This is where a problem arises. What exactly do we mean by scale down? Certainly you can't just scale down an atom without changing fundamental aspects of the universe you are considering. One can't just scale down myofibrils, as the nerves and proteins that they function by can't be scaled down without changing a fundamental aspect of the universe we are considering. Thus, the only notion of scaling down we can settle on is cutting down in amount. For a muscle, this literally means decreasing the number of muscle fibers.

From this assumption/consideration, we can see that the force that one can apply is essentially proportional to the cross-section of the muscle (i.e. the number of muscle fibers within the muscle), but not exactly. Since we've agreed that it is the number of muscle fibers that are decreasing, not their fundamental size/shape, a scale in the length of the myofibrils (and hence, and scale in length of the constituent sarcomeres) could definitely have an impact on their activity (i.e. maximum strength the pistons can apply). In fact, this is the case. Interesting non-linear behavior is seen between the length of the sarcomeres and their respective activity.

We've now run into another problem with our simplifying assumption that scaling down means reducing in number. However, if we step outside reality even further and assume that the activity of sarcomeres are not affected by their length, then the results from the other answers follow immediately. I'll state them now.

The work you do when you jump off the ground is given by $Fd$, where $F$ is the force you can apply and $d$ is the distance your center of mass covers with respect to your initial standing position. This will, assuming an ideal case, all be converted into kinetic energy which will all become potential energy when you reach the peak of your jump, at which your potential energy will be $mgh$, where $m$ is your mass, $g$ is the assumed constant acceleration downwards due to gravity, and $h$ is the maximum height you attain.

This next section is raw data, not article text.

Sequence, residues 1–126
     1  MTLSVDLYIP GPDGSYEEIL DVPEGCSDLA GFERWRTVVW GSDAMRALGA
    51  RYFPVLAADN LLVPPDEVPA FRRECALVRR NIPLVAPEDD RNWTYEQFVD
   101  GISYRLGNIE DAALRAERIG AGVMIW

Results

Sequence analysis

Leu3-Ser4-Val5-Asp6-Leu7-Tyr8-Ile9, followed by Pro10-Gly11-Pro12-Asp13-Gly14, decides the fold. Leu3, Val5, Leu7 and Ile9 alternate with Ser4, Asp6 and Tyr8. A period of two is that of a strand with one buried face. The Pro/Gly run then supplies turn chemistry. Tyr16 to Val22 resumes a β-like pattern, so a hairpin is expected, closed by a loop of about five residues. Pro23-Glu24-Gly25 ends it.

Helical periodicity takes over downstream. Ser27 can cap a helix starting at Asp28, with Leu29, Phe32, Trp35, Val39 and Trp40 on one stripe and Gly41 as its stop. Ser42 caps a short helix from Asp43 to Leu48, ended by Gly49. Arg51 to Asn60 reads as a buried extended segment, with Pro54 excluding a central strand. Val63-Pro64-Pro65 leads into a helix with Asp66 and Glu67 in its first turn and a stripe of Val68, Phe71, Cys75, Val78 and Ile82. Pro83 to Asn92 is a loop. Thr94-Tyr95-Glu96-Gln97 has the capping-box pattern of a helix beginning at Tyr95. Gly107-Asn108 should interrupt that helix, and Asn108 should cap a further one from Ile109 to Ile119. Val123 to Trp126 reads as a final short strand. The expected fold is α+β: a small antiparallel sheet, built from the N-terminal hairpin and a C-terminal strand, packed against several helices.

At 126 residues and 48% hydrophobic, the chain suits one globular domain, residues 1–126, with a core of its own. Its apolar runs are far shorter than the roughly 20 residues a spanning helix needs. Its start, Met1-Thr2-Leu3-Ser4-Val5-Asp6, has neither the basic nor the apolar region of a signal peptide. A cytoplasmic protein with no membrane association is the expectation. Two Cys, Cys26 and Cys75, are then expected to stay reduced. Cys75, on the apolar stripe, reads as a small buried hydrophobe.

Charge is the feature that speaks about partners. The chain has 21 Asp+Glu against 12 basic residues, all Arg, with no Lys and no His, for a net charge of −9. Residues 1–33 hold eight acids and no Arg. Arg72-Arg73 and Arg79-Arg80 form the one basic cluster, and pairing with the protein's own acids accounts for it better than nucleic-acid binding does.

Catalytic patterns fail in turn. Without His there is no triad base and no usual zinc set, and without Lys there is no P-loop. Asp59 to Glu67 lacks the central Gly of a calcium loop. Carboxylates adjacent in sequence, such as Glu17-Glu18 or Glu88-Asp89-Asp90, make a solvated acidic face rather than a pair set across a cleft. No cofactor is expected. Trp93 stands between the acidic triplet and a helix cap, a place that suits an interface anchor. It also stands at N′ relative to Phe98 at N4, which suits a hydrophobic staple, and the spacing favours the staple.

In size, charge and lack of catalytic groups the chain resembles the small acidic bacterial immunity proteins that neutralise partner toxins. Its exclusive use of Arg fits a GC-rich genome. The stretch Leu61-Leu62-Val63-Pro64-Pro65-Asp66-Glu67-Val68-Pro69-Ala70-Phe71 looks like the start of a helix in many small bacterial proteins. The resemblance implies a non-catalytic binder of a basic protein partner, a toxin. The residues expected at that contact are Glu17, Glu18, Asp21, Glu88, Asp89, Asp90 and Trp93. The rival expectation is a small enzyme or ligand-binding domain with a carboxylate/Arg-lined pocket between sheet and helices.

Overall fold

$$Fd=mgh \implies h=\frac{Fd}{mg}$$

If your volume is scaled down by a factor $k^3$ ($k$ in each direction of the canonical basis of $\mathbb{R}^3$, WLOG), then (assuming no change in mass-density) your mass will also scale down by $k^3$. By the assumptions made in the previous paragraphs, the force you apply to jump off the ground will scale down only by a factor $k^2$ (approximate scaling of the number of muscle fasicles), and obviously the distance that you displace your center of mass will scale by $k$. Thus,

$$h'=\frac{(k^2F)(kd)}{(k^3m)g}=\frac{Fd}{mg}=h$$

I have omitted many calculations, such as how the non-linear change in the effective 'maximum piston force' affects the height you can jump. However, by reading that paper I referenced, I still think one would be able to "jump out of the blender", but I'm not completely certain - it may not be that simple. If anybody could add to this, it would be much appreciated.

The scaling arguments shown above are correct, which is consistent with the fact that animals of very different sizes - from a flea to an elephant - jump to the height on the order of 1 meter. Perhaps insects are different from mammals; so let's say a mouse vs. an elephant is a legitimate example of scaling (by about 100 in linear dimension) of a pretty similar organism - but both jump to about same height.

• I did not know that an elephant could jump about 20 cm. Moreover, people tend to give examples of particular small animals that can jump as high as humans but it is difficult to assess if they are exceptions or an actual trend in the animal kingdom. I have difficulties to imagine a mouse jump 20 cm for instance. May 31 '13 at 10:59
• elephants can't jump
– Jim
May 31 '13 at 13:38
• @gatsu: Mice can jump at least 12 inches, as is well known to the Department of Health of New York State. Elephants are poor jumpers because their strength to bodyweight ratio is so low. Relative strength scales as $1/L$. If we were to grow instead of shrink, at some point our relative strength would be so low that we could not jump. At some point our bones would be crushed under our own weight! Jun 1 '13 at 3:40

Well, this one's a bit less tedious and easier to understand. It all depends on how a blender actually works. The most common blenders have a couple of vertical knives as blades included. When these knives rotate, a tornado of air with a vortex is created . The vertical blades push the veggies upwards creating the vortex, the horizontal ones then slice off the veggies as soon as they get to the bottom of the vortex and the lowly bent blades make sure that none of the veggies are stuck at the bottom and left from grinding. I would try to climb and stick out on the top most part of inclination of the horizontal blades, which are slightly tilted, and will be acting like a slide for me. I'll then wait for the blender to start and as soon as it starts, I'll be thrown up with the vortex and finally out of the blender assuming that it's lid is open. P.S. I tried blending tomatoes with open lid, and believe me, the experience wasn't very tidy. I may surely break some bones while being thrown out of a vortex spinning at 300 RPM or more but it would certainly be better than getting juiced up.

Consider a muscle fibre as a thin rod of "spring constant" $K=YA/L$. $Y$ is modulus of elasticity. Energy stored as potential = $\frac{1}{2}$ stress $\times$ strain $\times$ volume. which is proportional to cube of length. Now jump height achieved = energy/ (mass * g) hence jump height remains unchanged!